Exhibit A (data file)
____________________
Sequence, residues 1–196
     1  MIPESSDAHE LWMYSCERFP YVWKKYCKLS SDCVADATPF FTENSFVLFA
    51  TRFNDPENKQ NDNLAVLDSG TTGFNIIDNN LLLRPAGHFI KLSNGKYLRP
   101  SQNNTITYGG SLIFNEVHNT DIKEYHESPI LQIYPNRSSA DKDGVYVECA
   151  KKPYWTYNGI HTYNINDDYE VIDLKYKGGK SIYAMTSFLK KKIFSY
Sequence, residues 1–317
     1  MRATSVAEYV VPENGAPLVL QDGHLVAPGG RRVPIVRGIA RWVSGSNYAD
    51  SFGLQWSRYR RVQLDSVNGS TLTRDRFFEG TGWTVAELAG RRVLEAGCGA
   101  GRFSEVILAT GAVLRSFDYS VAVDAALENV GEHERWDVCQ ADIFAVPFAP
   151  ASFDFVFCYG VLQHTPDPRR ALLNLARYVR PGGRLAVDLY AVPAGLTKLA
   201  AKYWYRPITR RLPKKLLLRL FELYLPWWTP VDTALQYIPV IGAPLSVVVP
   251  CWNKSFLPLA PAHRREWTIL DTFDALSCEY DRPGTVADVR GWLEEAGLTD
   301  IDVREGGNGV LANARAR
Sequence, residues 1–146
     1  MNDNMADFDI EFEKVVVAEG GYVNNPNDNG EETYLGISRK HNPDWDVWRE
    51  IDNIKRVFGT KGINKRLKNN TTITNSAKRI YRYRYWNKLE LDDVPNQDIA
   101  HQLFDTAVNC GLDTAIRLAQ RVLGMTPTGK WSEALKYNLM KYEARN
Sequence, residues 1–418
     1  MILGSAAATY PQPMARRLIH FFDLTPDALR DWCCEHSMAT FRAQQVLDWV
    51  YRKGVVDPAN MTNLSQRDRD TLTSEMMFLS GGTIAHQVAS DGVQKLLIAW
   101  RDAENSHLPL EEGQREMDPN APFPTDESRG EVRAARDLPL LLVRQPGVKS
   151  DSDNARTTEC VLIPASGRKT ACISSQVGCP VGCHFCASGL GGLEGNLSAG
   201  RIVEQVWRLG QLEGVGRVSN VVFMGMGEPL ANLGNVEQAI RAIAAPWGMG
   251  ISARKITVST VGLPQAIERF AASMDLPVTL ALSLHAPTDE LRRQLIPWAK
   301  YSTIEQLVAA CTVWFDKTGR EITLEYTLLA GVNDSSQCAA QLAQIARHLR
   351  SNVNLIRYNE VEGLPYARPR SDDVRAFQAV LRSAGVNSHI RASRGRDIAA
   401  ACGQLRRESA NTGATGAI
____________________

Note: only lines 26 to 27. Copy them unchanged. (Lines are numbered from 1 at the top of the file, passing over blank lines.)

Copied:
   351  SNVNLIRYNE VEGLPYARPR SDDVRAFQAV LRSAGVNSHI RASRGRDIAA
   401  ACGQLRRESA NTGATGAI